A: William Shakespeare Pf:c.1595, London Pb: 1597 (1st quarto); 1623 (1st folio) G: Hist. drama in 5 acts; blank verse S: England and Wales, 1397–1400 C: 23m, 4f, extrasHenry Bolingbroke has accused the Duke of Norfolk of treason, and to decide the matter, Richard orders that they settle their quarrel in a trial by combat. At the last minute, however, Richard stops the contest and orders both lords into exile. Richard is upbraided by Bolingroke's father, John of Gaunt, for being a spendthrift and for surrounding himself with sycophantic courtiers. When Gaunt dies, Richard seizes his lands. While Richard is suppressing a rebellion in Ireland, Bolingbroke, supported by a number of disaffected noblemen, returns to England to head a rebellion and succeeds in forcing Richard to abdicate in his favour, so becoming Henry IV. Richard is murdered in prison by a zealous nobleman. Henry, denying any complicity in the deed, plans a pilgrimage to the Holy Land to expiate the crime.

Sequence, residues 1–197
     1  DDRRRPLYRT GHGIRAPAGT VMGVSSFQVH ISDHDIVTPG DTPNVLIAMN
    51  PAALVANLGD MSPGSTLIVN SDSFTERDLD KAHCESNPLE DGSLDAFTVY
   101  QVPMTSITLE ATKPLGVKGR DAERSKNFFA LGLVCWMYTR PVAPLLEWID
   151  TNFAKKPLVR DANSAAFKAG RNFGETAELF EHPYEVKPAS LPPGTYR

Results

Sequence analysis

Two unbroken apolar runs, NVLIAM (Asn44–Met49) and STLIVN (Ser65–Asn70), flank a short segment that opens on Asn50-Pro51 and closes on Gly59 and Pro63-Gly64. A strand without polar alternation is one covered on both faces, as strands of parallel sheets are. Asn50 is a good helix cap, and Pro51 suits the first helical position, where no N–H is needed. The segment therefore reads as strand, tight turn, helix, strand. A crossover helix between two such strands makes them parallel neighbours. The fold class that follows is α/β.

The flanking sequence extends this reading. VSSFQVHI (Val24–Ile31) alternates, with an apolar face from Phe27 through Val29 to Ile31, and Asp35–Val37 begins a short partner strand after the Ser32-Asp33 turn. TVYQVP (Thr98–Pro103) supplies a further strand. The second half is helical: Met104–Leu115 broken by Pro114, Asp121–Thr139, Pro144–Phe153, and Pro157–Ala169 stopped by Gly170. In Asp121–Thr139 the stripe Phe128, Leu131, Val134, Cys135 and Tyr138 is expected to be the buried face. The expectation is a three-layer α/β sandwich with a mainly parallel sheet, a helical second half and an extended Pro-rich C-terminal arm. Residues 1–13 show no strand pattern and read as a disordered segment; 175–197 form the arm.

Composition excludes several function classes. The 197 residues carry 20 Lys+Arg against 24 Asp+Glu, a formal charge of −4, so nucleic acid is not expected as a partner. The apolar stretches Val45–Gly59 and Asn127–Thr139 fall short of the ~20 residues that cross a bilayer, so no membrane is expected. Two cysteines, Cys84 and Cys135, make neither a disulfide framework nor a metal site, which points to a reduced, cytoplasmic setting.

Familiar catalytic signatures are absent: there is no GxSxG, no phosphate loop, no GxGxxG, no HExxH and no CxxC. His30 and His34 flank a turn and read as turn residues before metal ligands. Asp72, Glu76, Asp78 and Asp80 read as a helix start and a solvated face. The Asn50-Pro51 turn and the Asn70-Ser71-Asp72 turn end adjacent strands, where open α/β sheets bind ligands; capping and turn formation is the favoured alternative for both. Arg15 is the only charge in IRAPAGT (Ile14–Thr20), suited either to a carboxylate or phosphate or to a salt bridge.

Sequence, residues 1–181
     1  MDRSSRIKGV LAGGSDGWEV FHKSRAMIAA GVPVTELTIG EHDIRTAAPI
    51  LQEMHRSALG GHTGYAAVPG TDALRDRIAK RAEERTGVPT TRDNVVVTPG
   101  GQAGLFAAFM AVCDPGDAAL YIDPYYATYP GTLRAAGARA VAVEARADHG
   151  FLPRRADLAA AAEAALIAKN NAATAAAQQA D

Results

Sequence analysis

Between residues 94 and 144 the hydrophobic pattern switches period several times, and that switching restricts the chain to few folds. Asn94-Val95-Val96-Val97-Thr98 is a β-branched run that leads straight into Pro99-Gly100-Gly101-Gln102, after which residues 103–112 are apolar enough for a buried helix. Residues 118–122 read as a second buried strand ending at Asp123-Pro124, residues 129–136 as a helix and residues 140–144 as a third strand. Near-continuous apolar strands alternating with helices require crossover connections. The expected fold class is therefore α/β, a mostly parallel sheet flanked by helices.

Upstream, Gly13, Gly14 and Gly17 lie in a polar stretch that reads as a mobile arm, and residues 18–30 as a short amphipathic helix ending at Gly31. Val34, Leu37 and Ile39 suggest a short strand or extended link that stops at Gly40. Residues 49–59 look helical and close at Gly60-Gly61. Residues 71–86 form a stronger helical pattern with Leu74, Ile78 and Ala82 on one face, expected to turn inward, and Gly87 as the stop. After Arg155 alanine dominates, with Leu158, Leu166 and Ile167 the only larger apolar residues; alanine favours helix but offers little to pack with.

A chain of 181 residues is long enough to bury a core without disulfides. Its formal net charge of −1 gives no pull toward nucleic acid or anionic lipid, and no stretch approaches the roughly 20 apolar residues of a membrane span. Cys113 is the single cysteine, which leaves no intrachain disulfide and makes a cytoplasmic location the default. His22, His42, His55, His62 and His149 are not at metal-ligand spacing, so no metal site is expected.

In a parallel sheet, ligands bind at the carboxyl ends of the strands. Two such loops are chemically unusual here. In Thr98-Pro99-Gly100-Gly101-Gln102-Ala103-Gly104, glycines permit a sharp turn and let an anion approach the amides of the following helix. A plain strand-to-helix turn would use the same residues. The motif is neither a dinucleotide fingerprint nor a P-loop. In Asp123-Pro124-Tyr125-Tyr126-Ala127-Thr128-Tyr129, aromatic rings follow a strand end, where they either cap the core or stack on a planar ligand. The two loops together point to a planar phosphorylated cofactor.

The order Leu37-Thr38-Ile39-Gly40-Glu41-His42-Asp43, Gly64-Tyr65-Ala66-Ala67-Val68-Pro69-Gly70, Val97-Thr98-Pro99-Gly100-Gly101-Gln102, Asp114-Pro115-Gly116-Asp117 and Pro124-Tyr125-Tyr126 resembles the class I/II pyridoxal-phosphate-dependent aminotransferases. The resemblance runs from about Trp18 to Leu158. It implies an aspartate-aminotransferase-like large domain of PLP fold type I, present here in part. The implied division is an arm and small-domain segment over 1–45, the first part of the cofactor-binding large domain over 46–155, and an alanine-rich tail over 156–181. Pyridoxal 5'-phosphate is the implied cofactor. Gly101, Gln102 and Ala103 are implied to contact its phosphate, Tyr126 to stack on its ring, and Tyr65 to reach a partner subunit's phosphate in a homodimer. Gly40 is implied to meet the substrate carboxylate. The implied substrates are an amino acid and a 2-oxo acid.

A: William Shakespeare Pf:c.1595, London Pb: 1597 (1st quarto); 1623 (1st folio) G: Hist. drama in 5 acts; blank verse S: England and Wales, 1397–1400 C: 23m, 4f, extras
Based primarily on Holinshed's Chronicles, Richard II forms the first part of Shakespeare's second tetralogy of historical plays (followed by Henry IV and Henry V). Richard II is remarkable in that, unlike his earlier chronicle plays (Henry VI, Richard III, King John), it is tightly constructed and presents the first of Shakespeare's genuinely tragic heroes taken from history. Richard is a weak individual but nevertheless blessed with the divine right to rule; so the audience is disturbed by the way in which he is treated while having to acknowledge, as in Marlowe's Edward II, performed a few years earlier, that he has brought his fate upon himself. Meanwhile, the usurper Bolingbroke, far from leading England into a promised era of stability, will have to confront new uprisings in his realm.